More than a dozen black community leaders and civil rights activists emerged from a two-hour meeting with prince George's County police chief nominee James R. Taylor last night saying they were inclined to oppose his nomination. Their support is regarded as essential for Taylor's approval by the County Council.
The meeting behind the closed office doors of County Executive Lawrence Hogan was scheduled to allow community leaders -- particularly those of black groups -- to question Taylor on his controversial record as chief of two small police departments, in Newburgh, N.Y., and Petersburg, Va.
The blacks leaders refused to make a public announcement following their meeting with Taylor. They said only that they needed to do more research on his record.
However, several of those who attended the meeting said later that the black groups were likely to oppose him, and thus, in the view of many, effectively eliminate Taylor's chances of being confirmed by the County Council.
"If a vote had been forced after the meeting," one source said, "they would have sent him down the tubes."
Yesterday's meeting came amidst a growing debate over Taylor's record on racial issues. County officials agreed that it will be the council's judgment of Taylor's ability to cooperate with Prince George's growing black community that will determine the final vote on the issue next month.
Sources said that the only consideration now preventing county black leaders from publicly opposing Taylor as chief is a fear that a rejection of Taylor by the County Council would create unacceptable political turmoil in the county.
"We know we have the power to make or break the issue," one black leader said, "but there's a feeling that we're caught between a rock and a hard place."
"They asked some hard questions," said Taylor as he strolled through the council's chambers following the meeting. "Some of the questions . . . maybe if we had a perfect society I would have had better answers. On the whole, it went all right."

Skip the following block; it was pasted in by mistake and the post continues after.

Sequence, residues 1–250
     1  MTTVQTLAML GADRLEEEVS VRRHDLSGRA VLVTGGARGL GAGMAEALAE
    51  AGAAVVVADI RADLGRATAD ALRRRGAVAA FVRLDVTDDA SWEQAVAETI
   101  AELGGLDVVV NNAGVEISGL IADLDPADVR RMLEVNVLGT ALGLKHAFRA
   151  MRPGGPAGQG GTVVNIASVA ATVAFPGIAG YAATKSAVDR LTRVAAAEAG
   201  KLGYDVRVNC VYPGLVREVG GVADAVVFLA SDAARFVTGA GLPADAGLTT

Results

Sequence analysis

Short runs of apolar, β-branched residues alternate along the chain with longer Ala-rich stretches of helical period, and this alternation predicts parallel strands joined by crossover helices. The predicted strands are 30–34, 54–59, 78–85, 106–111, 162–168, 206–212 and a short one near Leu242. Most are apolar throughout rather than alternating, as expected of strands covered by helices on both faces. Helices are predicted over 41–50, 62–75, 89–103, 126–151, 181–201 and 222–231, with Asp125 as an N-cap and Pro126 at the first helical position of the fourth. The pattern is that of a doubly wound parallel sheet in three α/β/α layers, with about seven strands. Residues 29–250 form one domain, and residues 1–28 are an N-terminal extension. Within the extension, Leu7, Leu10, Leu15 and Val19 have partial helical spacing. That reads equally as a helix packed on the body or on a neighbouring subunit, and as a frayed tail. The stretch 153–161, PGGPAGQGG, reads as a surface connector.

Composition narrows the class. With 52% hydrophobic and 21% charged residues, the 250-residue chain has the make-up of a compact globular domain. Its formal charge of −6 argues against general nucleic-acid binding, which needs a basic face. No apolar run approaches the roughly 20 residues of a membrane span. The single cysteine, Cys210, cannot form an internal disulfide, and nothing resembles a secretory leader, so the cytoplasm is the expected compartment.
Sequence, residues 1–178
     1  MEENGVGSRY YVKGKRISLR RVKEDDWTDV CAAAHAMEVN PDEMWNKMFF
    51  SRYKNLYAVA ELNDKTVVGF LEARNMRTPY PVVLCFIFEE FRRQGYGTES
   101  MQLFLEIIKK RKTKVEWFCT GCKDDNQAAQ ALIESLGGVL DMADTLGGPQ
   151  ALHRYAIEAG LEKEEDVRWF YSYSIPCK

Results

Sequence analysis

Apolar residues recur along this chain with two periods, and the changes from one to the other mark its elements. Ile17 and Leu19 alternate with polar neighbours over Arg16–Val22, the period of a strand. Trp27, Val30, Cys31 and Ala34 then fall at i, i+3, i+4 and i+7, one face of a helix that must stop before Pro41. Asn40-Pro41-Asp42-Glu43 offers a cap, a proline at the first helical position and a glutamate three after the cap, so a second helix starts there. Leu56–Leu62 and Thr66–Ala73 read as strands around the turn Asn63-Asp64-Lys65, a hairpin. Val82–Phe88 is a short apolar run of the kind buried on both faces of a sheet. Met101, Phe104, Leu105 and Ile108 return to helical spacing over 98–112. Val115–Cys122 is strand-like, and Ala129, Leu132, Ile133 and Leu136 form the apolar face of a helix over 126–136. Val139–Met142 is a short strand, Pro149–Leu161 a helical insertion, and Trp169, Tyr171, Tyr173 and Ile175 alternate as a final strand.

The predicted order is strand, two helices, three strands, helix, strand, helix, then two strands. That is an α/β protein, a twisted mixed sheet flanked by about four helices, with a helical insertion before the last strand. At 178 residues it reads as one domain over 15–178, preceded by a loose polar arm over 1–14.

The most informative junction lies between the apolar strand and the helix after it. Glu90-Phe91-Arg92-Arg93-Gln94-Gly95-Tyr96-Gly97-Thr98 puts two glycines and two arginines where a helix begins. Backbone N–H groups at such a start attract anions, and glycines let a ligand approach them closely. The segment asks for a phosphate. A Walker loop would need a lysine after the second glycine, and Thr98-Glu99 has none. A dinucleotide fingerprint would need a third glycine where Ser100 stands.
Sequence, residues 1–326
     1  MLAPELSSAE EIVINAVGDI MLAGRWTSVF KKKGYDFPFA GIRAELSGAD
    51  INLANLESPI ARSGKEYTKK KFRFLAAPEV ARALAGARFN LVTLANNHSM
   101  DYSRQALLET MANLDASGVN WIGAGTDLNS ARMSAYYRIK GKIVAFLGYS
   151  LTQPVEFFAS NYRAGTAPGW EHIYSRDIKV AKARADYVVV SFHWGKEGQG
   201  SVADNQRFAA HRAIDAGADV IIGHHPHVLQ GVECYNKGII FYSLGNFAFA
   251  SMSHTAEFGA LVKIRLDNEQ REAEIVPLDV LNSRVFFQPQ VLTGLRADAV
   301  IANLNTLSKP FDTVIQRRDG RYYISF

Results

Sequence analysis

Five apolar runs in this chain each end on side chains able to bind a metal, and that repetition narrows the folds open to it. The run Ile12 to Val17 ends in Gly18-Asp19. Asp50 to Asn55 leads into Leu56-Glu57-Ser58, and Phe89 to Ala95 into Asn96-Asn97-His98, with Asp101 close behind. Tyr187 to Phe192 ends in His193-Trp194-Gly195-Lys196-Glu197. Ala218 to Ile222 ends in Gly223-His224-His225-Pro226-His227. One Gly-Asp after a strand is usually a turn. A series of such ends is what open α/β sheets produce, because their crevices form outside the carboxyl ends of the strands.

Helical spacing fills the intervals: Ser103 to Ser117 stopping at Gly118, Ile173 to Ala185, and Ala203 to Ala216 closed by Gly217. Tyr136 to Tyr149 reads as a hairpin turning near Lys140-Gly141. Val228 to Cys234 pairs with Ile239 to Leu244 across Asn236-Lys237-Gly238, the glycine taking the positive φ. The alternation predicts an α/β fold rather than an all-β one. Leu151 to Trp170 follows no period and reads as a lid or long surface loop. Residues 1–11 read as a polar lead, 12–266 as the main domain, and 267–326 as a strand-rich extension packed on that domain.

Taylor spoke briefly with black councilman Floyd E. Wilson Jr., then met privately with white councilman Gerald T. McDonough before departing for the airport.
In an executive session yesterday, council members agreed to hold the required public hearing on Taylor's nomination on the afternoon of Dec. 3. The vote on the issue could come the same day, council members said.
The position of the county's black leaders on Hogan's police chief nominee has become crucial, several council members said yesterday, partly because Hogan made police relations with the black community an integral part of the selection process.
Last summer, Hogan announced that he would not appoint Acting Chief Joseph D. Vasco as chief, and one of the reasons he gave was that Vasco could not be trusted by county blacks. In announcing Taylor as his nominee, Hogan said that he had been attracted to the Petersburg chief because of his record in two majority-black cities.
Sources said yesterday that leaders of the Fraternal Order of Police, who in the past have held preeminent influence with the council on police issues, are waiting to see where black leaders will stand. "Let face it," one source said yesterday, [the union] "wants to come out on the winning side."
The sudden importance of black leaders in a political struggle that has been made into the most important issue of the year in Prince George's caused several black leaders to predict yesterday that the events of the coming month would leave county blacks with more influence on county politics than they have had in the past.
"This issue has been a catalyst that has brought black groups together," said council member Deborah R. Marshall. "And slowly people are beginning to realize that there are black people in this county and they count. We've finally gone past being slaves."
Marshall noted that Black leaders in Prince George's have often been politically ineffective in the past because they have been unable to present a unified front on major issues. "We were all going different ways," she said "Even on the [Terrance] Johnson trial [when Johnson was accused of killing two white police officers], we were not together.
"But now we realize we have to pull together on this one, because the chief is going to determine how police officers treat blacks for the next few years. And everyone's coming out of the woodwork."
Hogan's staff members acknowledged yesterday that the support of county blacks for Taylor has assumed great importance. But Larry Hogan Jr., who has taken charge of lobbying for Taylor with the council, maintained yesterday that a black endorsement "is not crucial."
"It's one thing the council will have to look at," he said. "But I feel confident Taylor will gain the support of the black community."